Using an Inherited IRA to Buy a House

You can cash out that IRA, but watch out for taxes

You can cash out an inherited individual retirement account (IRA) and use it to fund a major purchase like a house with no tax penalty, thanks to new rules established by the Setting Every Community Up for Retirement Enhancement (SECURE) Act of 2019. The rules pertain to non-spouse beneficiaries of IRAs.

Let’s explore how it works.

Key Takeaways

  • Before the Setting Every Community Up for Retirement Enhancement (SECURE) Act, non-spouse beneficiaries of individual retirement accounts (IRAs) could “stretch” their distributions (and tax benefits) over several generations while the IRA continued growing tax-free.
  • The SECURE Act abolished the stretch IRA for most beneficiaries, and now the entire balance of the account must be distributed within 10 years of the original owner’s death.
  • There are exceptions for eligible designated beneficiaries, including surviving spouses, minor children of the deceased, beneficiaries less than 10 years younger than the deceased, and beneficiaries who are disabled or chronically ill.
  • While non-spouse beneficiaries can cash out an IRA without owing the 10% early withdrawal penalty, doing so could trigger a substantial tax bill.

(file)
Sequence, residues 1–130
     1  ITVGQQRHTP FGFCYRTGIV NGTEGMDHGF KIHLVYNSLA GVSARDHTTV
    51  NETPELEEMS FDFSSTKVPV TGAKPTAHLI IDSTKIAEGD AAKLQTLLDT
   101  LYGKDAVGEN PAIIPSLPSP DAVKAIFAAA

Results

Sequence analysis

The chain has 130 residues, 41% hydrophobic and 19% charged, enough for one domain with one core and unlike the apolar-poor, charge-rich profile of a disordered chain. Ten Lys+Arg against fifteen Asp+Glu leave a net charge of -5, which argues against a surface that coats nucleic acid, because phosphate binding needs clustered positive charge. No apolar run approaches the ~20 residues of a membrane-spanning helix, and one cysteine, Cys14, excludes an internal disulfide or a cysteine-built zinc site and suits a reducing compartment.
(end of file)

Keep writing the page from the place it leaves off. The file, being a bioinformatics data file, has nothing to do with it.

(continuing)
IRA Required Minimum Distributions: Traditional vs. Roth

If you have a traditional IRA, you have to start taking annual required minimum distributions (RMDs) when you reach age 72 (or 70½ if you reached 70½ before Jan. 1, 2020). The amount that you receive is treated as ordinary income and subject to income tax at your tax bracket rate.

On the other hand, Roth IRAs have no RMDs during the account owner’s lifetime. So, the account can continue growing tax-free for your heirs if you don’t need the money.

If you fail to withdraw at least the required minimum amount each year, you could owe the Internal Revenue Service (IRS) a penalty equal to 50% of the amount that your distribution should have been.

The rules work differently for IRAs that you inherit. Before the SECURE Act, most beneficiaries had to take RMDs. But they could reset the RMD clock, so to speak, by using their own ages—presumably much lower than the deceased’s—and life expectancies to calculate the size of the required distribution. The younger you were, the smaller the RMD. The advantage of this stretch IRA strategy was twofold: